In addition to these changes, we have released new Installing Gateways documentation, which covers best practices for installation, management, and upgrade of gateways.
Updates to revision and tag deployments
In Istio 1.6 we added support for running multiple control planes simultaneously, which allows you to do a canary deployment of a new Istio version. In 1.10, we introduced revision tags, which lets you mark a revision as “production” or “testing” and minimizes the chance of error when upgrading.
istioctl tag command has graduated out of experimental in 1.11. You can also now specify a default revision for the control plane. This helps further simplify the canary upgrade from a non-revisioned control plane to a new version.
We also fixed an outstanding issue with upgrades - you can safely perform a canary upgrade of your control plane regardless of whether or not it was installed using a revision.
To improve the sidecar injection experience,
sidecar.istio.io/inject labels were introduced. We recommend you to switch to using injection labels, as they perform better than injection annotations. We intend to deprecate the injection annotations in a future release.
Kubernetes Multi-cluster Services (MCS) support (Experimental)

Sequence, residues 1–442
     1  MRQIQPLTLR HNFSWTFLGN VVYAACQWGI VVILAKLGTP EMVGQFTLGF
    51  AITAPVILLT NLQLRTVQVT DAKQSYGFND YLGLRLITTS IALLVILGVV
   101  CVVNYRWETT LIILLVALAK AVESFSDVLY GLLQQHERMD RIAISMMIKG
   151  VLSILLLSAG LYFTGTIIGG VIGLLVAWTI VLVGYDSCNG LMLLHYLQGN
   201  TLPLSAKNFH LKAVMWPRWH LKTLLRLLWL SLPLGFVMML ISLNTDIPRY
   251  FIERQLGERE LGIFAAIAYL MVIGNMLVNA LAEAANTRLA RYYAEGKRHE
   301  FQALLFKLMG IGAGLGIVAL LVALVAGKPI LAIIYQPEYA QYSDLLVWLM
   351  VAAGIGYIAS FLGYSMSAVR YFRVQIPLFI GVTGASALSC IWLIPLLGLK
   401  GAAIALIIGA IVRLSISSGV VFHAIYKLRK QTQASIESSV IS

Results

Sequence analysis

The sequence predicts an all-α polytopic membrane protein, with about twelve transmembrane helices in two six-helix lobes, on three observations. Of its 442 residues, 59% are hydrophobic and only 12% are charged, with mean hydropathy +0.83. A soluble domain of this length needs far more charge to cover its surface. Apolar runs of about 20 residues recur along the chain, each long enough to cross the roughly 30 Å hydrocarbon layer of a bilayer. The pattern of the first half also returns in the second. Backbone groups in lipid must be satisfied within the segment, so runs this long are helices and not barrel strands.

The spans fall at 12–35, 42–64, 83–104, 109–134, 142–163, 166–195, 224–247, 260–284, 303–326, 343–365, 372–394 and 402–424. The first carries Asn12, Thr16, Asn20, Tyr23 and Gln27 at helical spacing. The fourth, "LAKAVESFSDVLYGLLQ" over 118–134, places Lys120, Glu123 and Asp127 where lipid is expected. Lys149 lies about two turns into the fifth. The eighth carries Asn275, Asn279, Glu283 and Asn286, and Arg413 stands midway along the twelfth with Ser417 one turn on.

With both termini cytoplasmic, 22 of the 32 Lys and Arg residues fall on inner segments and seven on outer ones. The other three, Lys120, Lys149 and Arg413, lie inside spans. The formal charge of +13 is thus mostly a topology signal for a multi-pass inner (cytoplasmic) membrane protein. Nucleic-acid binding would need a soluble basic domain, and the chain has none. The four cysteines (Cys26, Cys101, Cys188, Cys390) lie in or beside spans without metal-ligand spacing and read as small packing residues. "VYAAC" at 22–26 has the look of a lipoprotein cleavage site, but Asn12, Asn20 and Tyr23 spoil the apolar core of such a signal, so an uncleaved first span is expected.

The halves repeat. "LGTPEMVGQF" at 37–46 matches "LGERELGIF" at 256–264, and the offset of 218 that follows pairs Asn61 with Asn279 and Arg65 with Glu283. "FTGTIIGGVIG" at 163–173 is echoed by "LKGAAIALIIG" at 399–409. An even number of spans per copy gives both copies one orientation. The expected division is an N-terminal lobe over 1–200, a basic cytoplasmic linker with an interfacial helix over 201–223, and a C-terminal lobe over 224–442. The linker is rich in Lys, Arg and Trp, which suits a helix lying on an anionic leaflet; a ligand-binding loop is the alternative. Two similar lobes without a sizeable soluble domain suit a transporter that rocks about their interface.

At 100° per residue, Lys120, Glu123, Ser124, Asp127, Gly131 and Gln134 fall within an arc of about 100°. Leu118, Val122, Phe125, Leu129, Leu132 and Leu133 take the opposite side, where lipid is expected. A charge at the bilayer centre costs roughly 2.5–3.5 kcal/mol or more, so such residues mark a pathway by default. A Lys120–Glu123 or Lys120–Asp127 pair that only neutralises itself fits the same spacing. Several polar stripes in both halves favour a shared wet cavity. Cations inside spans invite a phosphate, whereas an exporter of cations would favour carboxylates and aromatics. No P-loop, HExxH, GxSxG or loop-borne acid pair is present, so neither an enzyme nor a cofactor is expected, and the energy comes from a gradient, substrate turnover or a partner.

The Kubernetes project is building an multi-cluster services API that allows service owners or mesh admins to control the export of services and their endpoints across the mesh.
Istio 1.11 adds experimental support for multi-cluster services. Once enabled, the discoverability of service endpoints is determined by client location and whether the service has been exported. Endpoints residing within the same cluster as the client will always be discoverable. Endpoints within a different cluster, however, will only be discoverable by the client if they were exported to the mesh.
Note that Istio does not yet support the behavior for the
clusterset.local hosts as defined by the MCS spec. Clients should continue to address services using either
This is the first phase in our plan to support MCS. Stay tuned!
Sneak peek: new APIs
A number of Istio features can only be configured by
EnvoyFilter, which allows you to set proxy configuration. We’re working on new APIs for common use cases - such as configuring telemetry settings and WebAssembly (Wasm) extension deployment, and you can expect to see these become available to users in the 1.12 release. If you’re interested in helping us test the implementations as they are built, please join the appropriate working group meeting.
Join the Istio community
You can also join the conversation at Discuss Istio, or join our Slack workspace.
Would you like to get involved? Find and join one of our Working Groups and help improve Istio.
Istio 1.11 Upgrade Survey
If you have completed your upgrade to Istio 1.11, we would like to hear from you! Please take a few minutes to respond to our brief survey to tell us how we’re doing.